The Devil in the Milk
July 09, 2009 | 187,847 views
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Prominent food researcher Dr. Thomas Cowan has been involved in thinking about the medicinal aspects of cow’s milk virtually his entire career.
His studies on the subject started in earnest when he read the book The Milk of Human Kindness Is Not Pasteurized, by maverick physician, William Campbell Douglass, MD.
Cowan became convinced that a large part of the disease in this country is related to the way we handle, or rather mishandle, milk and milk products.
Raw and cultured dairy products from healthy grass-fed cows are one of the healthiest foods people have ever eaten. However, pasteurized milk products have caused more disease than perhaps any other substance people are generally in contact with.
However, he still felt that a piece of the puzzle was missing. Many of his patients, in spite of eating only the proper dairy products, still had illness and still seemed not to tolerate milk. Recently, he was asked to consider writing the foreword to a book called The Devil in the Milk, written by Dr. Keith Woodford, which was again an eye-opener for him.
All proteins are long chains of amino acids. Beta casein is a chain 229 amino acids in length. Cows who produce this protein in their milk with a proline at number 67 are called A2 cows, and are the older breeds of cows (e.g. Jerseys, Asian and African cows). But some 5,000 years ago, a mutation occurred in this proline amino acid, converting it to histidine. Cows that have this mutated beta casein are called A1 cows, and include breeds like Holstein.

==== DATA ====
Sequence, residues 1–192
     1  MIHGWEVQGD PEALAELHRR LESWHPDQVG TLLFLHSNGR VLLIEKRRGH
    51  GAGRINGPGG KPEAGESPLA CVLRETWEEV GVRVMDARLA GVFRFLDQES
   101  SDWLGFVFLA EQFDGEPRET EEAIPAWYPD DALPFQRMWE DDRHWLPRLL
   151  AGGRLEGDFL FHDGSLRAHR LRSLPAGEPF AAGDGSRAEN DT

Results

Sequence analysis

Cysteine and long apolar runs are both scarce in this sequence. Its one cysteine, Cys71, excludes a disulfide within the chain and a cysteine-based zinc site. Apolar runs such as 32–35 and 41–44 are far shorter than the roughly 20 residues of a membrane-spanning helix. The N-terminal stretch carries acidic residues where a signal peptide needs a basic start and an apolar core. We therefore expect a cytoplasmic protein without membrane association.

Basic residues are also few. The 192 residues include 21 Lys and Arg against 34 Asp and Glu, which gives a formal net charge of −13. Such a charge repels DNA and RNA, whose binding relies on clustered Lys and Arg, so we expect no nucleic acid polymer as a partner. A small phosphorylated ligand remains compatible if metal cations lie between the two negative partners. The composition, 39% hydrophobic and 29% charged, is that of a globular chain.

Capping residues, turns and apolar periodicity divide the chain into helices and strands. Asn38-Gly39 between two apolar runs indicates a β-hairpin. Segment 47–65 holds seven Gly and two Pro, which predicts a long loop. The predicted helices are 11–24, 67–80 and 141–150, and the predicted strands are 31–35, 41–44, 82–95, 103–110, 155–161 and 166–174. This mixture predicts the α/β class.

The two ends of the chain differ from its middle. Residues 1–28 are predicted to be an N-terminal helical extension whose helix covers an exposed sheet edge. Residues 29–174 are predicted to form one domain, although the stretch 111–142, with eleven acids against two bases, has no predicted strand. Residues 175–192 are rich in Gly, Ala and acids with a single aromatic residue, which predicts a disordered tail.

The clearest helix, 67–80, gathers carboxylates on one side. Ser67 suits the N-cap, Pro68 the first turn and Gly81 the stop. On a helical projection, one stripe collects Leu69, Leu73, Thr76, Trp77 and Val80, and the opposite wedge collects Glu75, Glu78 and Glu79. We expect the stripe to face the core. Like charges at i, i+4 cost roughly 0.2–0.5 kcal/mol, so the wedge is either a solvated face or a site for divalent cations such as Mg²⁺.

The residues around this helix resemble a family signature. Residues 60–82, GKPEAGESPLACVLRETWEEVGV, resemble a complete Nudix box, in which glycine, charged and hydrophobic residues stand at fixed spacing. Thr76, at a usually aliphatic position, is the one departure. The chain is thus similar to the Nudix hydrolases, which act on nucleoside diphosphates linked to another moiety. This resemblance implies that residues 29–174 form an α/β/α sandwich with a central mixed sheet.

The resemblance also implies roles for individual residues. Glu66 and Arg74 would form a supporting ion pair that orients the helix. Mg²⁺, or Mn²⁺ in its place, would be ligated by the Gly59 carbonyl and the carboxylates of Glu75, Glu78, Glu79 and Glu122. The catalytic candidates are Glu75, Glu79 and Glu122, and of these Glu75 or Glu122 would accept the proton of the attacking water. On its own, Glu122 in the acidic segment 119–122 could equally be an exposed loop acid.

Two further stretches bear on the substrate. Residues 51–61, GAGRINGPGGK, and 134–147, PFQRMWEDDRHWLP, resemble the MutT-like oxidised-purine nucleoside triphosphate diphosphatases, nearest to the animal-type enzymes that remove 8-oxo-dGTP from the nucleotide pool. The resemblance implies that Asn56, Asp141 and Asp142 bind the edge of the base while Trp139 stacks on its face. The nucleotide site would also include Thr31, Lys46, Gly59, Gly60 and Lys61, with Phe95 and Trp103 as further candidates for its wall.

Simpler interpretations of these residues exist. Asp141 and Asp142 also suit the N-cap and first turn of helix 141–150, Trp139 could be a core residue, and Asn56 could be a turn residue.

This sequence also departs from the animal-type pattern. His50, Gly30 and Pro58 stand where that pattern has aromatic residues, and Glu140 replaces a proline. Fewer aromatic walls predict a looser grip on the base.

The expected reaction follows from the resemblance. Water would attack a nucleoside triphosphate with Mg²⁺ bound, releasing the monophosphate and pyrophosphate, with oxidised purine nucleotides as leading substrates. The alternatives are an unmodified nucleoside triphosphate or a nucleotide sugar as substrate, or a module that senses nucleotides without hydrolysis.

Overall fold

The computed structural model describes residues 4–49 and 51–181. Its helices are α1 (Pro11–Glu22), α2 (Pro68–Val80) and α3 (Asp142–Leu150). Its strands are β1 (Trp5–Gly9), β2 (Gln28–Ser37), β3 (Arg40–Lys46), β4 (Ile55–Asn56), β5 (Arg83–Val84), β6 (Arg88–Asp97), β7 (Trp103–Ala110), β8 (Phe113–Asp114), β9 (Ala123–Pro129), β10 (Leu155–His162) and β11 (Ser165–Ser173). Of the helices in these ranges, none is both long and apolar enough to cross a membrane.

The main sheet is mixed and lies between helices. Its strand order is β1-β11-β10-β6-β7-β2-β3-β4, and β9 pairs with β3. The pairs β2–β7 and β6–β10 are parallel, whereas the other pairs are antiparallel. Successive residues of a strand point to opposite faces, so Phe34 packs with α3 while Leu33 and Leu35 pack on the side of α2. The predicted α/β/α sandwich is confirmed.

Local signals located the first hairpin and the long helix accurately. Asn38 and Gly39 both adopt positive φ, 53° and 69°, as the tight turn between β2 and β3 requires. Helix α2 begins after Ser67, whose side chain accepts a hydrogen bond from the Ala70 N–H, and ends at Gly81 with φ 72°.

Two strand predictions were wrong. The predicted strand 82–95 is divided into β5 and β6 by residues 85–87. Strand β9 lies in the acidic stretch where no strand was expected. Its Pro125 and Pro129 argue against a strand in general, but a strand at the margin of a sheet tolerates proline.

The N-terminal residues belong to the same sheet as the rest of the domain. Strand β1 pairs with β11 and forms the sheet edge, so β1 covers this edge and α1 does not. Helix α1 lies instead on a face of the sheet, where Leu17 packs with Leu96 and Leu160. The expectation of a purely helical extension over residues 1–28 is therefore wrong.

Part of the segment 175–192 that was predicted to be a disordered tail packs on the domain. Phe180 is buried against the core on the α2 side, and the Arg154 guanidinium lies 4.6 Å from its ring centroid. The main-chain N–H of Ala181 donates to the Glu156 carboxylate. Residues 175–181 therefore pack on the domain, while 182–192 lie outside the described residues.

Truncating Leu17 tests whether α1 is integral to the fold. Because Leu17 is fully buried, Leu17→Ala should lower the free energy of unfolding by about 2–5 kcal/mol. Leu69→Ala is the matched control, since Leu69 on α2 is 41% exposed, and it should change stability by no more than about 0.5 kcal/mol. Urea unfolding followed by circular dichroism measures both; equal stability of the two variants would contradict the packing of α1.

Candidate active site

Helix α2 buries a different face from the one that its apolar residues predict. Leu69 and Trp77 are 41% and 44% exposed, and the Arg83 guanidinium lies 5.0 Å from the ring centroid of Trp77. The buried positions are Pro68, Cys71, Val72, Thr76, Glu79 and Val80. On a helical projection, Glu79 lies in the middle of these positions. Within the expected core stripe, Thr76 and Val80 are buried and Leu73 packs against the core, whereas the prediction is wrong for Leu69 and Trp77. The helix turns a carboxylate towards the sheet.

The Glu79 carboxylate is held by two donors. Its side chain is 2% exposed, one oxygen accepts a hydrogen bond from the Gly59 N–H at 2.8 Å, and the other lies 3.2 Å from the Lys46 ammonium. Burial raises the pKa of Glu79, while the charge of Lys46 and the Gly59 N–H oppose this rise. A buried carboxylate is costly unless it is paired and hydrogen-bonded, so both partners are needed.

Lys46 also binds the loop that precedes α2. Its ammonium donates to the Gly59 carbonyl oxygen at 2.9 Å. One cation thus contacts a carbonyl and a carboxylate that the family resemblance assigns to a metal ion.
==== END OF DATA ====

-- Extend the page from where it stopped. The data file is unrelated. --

Proline has a strong bond to a small protein called BCM 7, which helps keep it from getting into the milk, so that essentially no BCM 7 is found in the urine, blood or GI tract of old-fashioned A2 cows. On the other hand, histidine, the mutated protein, only weakly holds on to BCM 7, so it is liberated in the GI tract of animals and humans who drink A1 cow milk.
BCM 7 has been shown to cause neurological impairment in animals and people exposed to it, especially autistic and schizophrenic changes. BCM 7 interferes with the immune response, and injecting BCM 7 in animal models has been shown to provoke type 1 diabetes. Dr. Woodford’s book presents research showing a direct correlation between a population’s exposure to A1 cow’s milk and incidence of autoimmune disease, heart disease, type 1 diabetes, autism, and schizophrenia.
Simply switching breeds of cows could result in amazing health benefits.